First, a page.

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Toss out TSA, please (2)

Incidentally, if you ask any of its supporters what it is designed to achieve, the answer will be, “to curb corruption”. But will it? If historical experience in Nigeria is to be our guide, the correct answer will have to be “very doubtful”. Let me quickly explain the reasons. While conducting the research which resulted in the book PDP: CORRUPTION INCORPORATED, what was most striking to me was how much corruption was accounted for by transactions and activities which are not reflected in the balances in the bank accounts of Ministries, Departments and Agencies, MDAs.

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Zero-based budgeting and its consequences for 2016

One of my favourite wise cracks is the Law of the Hammer which says, “Give a young boy a hammer and he suddenly decides that everything he sees needs to be hammered immediately. Nigerians voted for change, without obtaining a clear idea of what we wanted changed and when. Commonsense, which incidentally is not common, would suggest that not everything needs to be changed. And surely not all existing systems and structures can be altered at the same time.

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What happened to the 2016 budget?

Governors and presidents need more time. But, our collective stupidity, ably supported by my colleagues in the media, had got us hooked on the hundred days assessment. It is mostly a waste of everybody’s time. I was happy to be watching a television programme when Buhari was in Ghana on the day. Mr Femi Adesina, Buhari’s spokesman was reached and among other things he tried to play down the importance of the hundred days. Sanity at last.

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Mortgaging the States to FG future in name of bail-out (2)

President Buhari turned down the idea of bail-out at first. I must confess to being one of those who thought a bail-out was inevitable – given the empty purses most states were holding. However, it was my position that the states arrived at the same position through different routes. Some took sensible risks which backfired when the price of crude oil tumbled and the monthly revenue allocation from Abuja declined dangerously.

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Mortgaging states to FG in the name of bail-out

Even the village idiot knew that by May of this year, most states were in deep financial problems. Those hyped to be “innovative” and the confirmed wastrels and utterly corrupt suddenly found themselves in the same boat. I was probably the only person in Nigeria who was not surprised. Several articles had been published on this page predicting that outcome. Two, among others will serve as reminders.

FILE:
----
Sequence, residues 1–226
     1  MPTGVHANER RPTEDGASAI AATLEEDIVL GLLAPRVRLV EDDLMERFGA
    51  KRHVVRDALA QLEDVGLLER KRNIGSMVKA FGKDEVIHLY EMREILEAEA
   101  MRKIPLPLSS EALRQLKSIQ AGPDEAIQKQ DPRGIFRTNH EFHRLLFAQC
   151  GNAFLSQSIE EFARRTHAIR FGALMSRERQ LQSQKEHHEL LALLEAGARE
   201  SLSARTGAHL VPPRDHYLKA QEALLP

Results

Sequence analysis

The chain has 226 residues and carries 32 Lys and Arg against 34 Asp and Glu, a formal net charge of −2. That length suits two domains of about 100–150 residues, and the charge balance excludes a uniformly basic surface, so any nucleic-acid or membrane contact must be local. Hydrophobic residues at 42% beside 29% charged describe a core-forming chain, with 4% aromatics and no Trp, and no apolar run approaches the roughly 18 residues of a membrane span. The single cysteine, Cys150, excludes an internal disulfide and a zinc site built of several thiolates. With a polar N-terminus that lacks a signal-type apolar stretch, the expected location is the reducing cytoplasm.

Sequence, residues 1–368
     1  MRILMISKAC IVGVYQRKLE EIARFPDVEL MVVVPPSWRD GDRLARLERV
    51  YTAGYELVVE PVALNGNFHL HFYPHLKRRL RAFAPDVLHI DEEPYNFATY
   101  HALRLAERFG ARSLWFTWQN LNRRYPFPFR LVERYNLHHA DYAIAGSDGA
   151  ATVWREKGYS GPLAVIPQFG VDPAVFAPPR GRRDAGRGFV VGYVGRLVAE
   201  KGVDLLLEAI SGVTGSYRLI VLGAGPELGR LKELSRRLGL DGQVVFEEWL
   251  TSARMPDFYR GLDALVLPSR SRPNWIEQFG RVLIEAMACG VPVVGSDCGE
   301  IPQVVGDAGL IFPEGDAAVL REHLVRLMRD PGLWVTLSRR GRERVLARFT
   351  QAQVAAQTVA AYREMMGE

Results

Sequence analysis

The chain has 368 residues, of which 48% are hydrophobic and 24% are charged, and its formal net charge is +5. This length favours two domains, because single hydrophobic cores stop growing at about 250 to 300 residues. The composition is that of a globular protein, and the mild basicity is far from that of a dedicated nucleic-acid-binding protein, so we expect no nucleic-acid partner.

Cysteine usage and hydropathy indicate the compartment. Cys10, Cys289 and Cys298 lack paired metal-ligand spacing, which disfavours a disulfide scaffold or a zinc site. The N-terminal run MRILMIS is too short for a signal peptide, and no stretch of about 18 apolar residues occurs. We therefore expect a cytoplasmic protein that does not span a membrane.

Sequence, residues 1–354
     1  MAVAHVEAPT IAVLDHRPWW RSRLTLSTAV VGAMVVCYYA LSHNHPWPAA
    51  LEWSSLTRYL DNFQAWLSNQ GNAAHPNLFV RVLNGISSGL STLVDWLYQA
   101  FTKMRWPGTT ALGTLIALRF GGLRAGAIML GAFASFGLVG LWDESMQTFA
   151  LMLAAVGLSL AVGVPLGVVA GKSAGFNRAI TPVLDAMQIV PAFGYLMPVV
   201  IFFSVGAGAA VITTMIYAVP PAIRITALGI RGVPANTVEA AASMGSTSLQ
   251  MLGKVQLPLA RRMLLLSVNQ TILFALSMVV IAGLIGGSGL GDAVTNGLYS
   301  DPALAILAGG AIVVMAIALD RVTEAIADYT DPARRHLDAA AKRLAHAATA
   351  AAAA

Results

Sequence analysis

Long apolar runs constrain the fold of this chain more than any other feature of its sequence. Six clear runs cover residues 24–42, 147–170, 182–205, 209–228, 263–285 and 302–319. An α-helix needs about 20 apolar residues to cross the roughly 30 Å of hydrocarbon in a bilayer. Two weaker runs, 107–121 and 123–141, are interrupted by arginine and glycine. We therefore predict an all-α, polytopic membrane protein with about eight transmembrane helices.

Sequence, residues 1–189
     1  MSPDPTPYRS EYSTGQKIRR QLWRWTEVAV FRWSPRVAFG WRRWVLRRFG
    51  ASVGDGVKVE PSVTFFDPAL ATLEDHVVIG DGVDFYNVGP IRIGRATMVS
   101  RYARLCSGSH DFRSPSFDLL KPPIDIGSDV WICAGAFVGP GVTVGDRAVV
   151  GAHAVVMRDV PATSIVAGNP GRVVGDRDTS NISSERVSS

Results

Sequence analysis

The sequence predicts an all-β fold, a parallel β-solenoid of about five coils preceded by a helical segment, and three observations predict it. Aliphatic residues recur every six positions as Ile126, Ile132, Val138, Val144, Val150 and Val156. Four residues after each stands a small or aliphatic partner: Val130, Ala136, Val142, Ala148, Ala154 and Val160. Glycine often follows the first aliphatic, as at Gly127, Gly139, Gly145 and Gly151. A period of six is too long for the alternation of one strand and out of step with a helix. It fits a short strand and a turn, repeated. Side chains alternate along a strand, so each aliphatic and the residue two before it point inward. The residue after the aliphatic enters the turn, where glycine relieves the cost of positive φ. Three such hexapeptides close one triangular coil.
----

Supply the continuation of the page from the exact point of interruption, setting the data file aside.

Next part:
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In support of Senate probe of Obasanjo – 2

An army is a nation within a nation…” Alfred De Vigny, 1797-1863. (VANGUARD BOOK OF QUOTATIONS, VBQ, p 14). President Buhari will not probe Obasanjo’s government, not because it will constitute a distraction, as eager propagandists will like us to believe but because of the military tradition of esprit de corps. Once an officer was your superior officer in service, you don’t disgrace him in public. The rare exceptions occur when there is a coup arising out of disagreements among the officers.

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Killing discos? Time for rethink

The story went on to state the reason for the take over. According to the report by Everest Amaefule, “Following the declaration of force majeure by Integrated Energy Distribution and Marketing Company, the core investor in the Yola Electricity Distribution Company, the Federal Government has taken over the beleaguered power firm.”

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Nigeria in deep economic trouble: “FG, states, LGs share N518.5bn for June”

For further reference the states’ allocations in July 2006, were as follows: Abia, N3.96bn; Adamawa, N3.53bn; A/Ibom, N14.44; Anambra, N3.61bn; Bauchi, N4.10; Bayelsa, 13.16bn; Benue, N3.8bn; Borno, N4.1bn; C/River, N3.98; Delta, N15.8bn; Ebonyi, N3.0bn; Edo, N4.2bn; Ekiti, N3.08bm; Enugu, N3.3.29; Gombe, N3.15bn; Imo, N4.37bn; Jigawa, N3.92bn; Kaduna, N4.29bn; Kano, N5.55bn; Katsina, N4.30bn; Kebbi, N3.3.59bn; Kogi, N3.5bn; N3.12bn; N5.49bn; Nass, N2.99bn; Niger, N3.90bn; Ogun, N3.45bn; Ondo N6.95bn; Osun, N3.33bn; Oyo, N4.19bn; Plateau, N3.0bn; Rivers, N23.25bn; Sokoto, N3.72bn; Taraba, N3.4bn; Yobe, N3.39bn; Zamfara, N3.53bn.

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